Seeking to Introduce Deposition Testimony at Trial in California? Good Luck!

Author: Adriana Rivero

Guest Editor: Grace Shuman

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June 7, 2022 9:23am


In the recent matter of Berroteran v. Superior Court of Los Angeles, the California Supreme Court issued a decision limiting the circumstances in which deposition testimony obtained in an earlier proceeding can be offered against a party to that former proceeding in a later action.[i]  The Supreme Court reversed the Court of Appeal’s decision and concluded the hearsay exception in Evidence Code, section 1291(a)(2) creates a general rule against admission of testimony from a prior civil discovery deposition.  The recent ruling creates yet another uphill battle for parties seeking to introduce deposition testimony obtained in previous actions at later trials, even when the witness is unavailable.



Plaintiff was a class member in a federal class action involving alleged defects in a diesel engine against defendant Ford Motor Company.  After the class action plaintiffs deposed nine Ford employees, the class action settled.  Before the settlement, plaintiff in the case at bar opted out of the class to pursue his own suit.  Several years later, plaintiff filed a claim against Ford in the Los Angeles Superior Court, alleging defects to his vehicle for issues raised in the original federal class action.  In support of his claim, he listed the depositions of nine unavailable witnesses and proposed introducing selected portions of the depositions previously taken in the federal class action.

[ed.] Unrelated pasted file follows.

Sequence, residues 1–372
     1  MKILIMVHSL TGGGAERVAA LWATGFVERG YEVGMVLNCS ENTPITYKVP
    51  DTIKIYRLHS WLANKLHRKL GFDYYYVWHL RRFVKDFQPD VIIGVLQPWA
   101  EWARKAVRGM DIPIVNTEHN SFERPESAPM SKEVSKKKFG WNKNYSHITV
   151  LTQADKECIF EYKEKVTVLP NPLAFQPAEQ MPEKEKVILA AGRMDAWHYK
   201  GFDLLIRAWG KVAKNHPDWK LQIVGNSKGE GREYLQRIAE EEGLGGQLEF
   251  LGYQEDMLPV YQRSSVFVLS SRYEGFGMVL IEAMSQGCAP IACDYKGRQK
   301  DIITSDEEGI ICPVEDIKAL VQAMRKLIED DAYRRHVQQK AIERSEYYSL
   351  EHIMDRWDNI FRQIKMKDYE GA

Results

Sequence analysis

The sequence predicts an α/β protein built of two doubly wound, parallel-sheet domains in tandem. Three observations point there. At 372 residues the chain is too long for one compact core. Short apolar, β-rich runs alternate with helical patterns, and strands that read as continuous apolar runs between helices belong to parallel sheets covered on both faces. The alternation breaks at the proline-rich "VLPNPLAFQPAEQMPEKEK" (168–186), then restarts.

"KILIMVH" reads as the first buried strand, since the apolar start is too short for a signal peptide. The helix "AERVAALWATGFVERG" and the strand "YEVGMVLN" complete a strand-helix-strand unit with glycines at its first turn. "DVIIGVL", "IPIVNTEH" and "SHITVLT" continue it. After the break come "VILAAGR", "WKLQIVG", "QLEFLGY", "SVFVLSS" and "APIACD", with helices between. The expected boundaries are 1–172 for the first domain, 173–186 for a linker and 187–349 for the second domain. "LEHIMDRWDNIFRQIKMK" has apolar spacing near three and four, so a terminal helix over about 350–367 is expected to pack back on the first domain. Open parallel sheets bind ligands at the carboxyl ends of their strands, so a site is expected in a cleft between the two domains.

According to the court, California Evidence Code section 1291 (a)(2) “permits the use of prior testimony in a proceeding only if the party seeking to exclude the testimony had ‘the right and opportunity to cross-examine the declarant with an interest and motive similar to that which’ the same party will have ‘at the [present] hearing.’”[ii]  Pursuant to the hearsay exception in section 1291(a)(2), defendant moved to exclude the proposed deposition testimony.  The trial court ruled the testimony was not subject to an exception and therefore was inadmissible hearsay.